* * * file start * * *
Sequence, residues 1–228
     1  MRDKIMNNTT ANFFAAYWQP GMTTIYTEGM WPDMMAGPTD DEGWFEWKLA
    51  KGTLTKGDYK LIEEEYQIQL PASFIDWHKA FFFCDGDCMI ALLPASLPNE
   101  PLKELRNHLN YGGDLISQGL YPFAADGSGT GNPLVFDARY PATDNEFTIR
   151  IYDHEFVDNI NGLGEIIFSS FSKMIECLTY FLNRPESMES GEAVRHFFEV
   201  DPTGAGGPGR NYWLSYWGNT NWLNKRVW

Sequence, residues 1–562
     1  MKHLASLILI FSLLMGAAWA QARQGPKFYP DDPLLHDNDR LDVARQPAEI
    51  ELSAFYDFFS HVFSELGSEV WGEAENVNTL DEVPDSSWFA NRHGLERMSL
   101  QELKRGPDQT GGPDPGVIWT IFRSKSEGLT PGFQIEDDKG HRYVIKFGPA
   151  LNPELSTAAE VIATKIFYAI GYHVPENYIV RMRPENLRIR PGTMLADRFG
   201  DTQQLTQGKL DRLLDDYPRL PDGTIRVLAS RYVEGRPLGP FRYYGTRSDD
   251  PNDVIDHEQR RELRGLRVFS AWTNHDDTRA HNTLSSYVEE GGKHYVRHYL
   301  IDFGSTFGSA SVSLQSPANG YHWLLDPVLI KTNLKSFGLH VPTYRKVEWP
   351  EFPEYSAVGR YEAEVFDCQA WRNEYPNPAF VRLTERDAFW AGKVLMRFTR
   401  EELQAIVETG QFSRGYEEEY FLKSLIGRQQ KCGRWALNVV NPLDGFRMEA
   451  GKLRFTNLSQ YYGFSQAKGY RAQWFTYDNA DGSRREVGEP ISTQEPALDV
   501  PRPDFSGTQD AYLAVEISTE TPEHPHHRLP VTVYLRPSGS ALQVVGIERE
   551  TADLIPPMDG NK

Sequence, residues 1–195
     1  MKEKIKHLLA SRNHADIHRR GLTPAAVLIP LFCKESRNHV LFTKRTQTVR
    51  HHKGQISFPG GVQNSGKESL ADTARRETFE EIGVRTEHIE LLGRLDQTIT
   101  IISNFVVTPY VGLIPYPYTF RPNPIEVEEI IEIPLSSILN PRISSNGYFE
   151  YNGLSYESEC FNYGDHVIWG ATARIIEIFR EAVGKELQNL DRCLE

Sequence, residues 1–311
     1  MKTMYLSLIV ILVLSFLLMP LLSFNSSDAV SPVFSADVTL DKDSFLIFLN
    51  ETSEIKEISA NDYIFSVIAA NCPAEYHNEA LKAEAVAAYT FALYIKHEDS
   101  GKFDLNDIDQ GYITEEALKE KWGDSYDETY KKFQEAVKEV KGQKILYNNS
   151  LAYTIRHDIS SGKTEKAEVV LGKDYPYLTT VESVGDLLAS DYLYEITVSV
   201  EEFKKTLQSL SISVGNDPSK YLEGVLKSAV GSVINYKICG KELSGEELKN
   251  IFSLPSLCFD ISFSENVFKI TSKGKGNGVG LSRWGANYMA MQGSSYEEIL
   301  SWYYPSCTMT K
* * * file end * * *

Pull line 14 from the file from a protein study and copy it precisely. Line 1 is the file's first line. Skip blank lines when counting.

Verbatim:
   301  IDFGSTFGSA SVSLQSPANG YHWLLDPVLI KTNLKSFGLH VPTYRKVEWP